Source:russia-ic.com

вторник, 16 ноября 2010 г.

The Diamond Fund

The Moscow Kremlin is the site of several world-famous museums attracting numerous visitors. One of them is the Diamond Fund exhibition, a unique collection of precious stones and masterpieces of jewelers’ art. It was founded by Tsar Peter the Great as the storage of state insignia and ceremonial jewelry of the Tsar’s family. Tsar Peter’s decree of 1719 declared them Russian national treasures. Peter the Great also founded the Diamond Mill in Peterhof, a St.Petersburg suburb, to polish precious stones.

The development of the Russian mining industry in the Urals in the 18th century was accompanied by a growing interest in Russian gems. Diamonds and other precious stones were mounted in the coronation regalia, that is, crowns, scepters, and orbs. They adorned The Big Imperial CrownRussian state awards and valuable weapons.

When preparing for coronation in 1762, Catherine the Great ordered a Big Imperial Crown. The gold-and-silver crown made by a court jeweler Jeremiah Posier is decorated with almost five thousand diamonds – large and small – and 75 perfectly round, even-shaped large pearls. Posier achieved a harmonious combination of magnificent diamonds and white-pink pearls enhancing the stateliness and majesty of the crown’s design. A huge ruby-red spinel crowned with a diamond cross was placed on its top. The Russian Imperial Crown, weighing almost 400 carats – the most expensive in the world — is one of the seven historic gems of the Diamond Fund exhibition.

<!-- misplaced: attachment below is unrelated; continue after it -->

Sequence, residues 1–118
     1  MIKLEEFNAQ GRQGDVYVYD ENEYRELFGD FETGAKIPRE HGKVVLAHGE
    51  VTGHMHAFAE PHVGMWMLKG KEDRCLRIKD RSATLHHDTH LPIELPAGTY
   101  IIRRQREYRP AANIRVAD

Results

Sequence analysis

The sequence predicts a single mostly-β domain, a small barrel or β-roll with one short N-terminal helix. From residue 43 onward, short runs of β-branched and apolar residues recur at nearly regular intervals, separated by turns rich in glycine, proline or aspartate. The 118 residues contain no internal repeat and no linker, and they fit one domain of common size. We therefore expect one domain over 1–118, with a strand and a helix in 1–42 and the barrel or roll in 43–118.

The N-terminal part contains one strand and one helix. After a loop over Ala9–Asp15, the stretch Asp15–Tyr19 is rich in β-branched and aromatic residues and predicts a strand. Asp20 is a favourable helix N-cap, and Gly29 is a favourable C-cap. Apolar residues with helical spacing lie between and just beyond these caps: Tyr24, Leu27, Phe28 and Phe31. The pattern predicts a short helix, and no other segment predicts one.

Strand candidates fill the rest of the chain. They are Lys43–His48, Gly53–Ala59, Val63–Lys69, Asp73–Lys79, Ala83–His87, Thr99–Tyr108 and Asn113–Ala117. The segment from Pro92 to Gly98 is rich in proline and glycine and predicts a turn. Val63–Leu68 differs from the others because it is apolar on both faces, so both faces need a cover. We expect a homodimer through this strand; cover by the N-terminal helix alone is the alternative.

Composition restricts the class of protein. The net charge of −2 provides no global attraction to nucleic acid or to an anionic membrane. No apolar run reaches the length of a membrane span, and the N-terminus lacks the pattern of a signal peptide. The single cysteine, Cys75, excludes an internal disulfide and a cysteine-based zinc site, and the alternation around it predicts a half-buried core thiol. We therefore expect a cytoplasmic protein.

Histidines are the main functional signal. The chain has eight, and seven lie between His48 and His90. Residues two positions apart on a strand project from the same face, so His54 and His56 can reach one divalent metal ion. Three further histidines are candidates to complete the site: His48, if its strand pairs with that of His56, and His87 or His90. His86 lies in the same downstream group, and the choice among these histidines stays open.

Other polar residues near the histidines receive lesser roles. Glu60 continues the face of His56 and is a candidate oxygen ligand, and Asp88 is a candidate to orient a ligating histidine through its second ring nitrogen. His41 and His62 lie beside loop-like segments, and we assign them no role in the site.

On display in the Diamond Fund is the world-famous Orlov diamond, the best known in Russia in the 18th century. This bluish-greenish crystal of the first-class clarity is cut in the shape of a rose with a great number of small facets arranged in layers. The Orlov diamond is believed to have been found in India where, according to a legend, it had served as the eye of an idol in a Brahman temple until the beginning of the 18th century, when it was stolen. In 1774, it was bought by Count Grigory Orlov who presented it to Empress Catherine the Great. Since that time the Orlov diamond has adorned the gold scepter of Russian Emperors.

Another historic gem of the Diamond Fund exhibition is the Shah, another Indian diamond found in the 16th century. Its perfect shape was created by nature, and only some of its facets were slightly polished. This is a transparent gem with a slight yellow tint. Engraved on three of its facets are the names of the three rulers who, in turn, possessed it. In the 17th century, the diamond adorned the throne of the TiaraMughal Empire as a talisman. When Shah Nadir conquered Delhi in 1739, he took the stone away with him to Persia. Ninety years later, the diamond was presented to Russian Emperor Nicholas I by the Shah of Persia “in atonement” for the assassination of Russian Ambassador in Tehran, a noted diplomat and poet Alexander Griboyedov.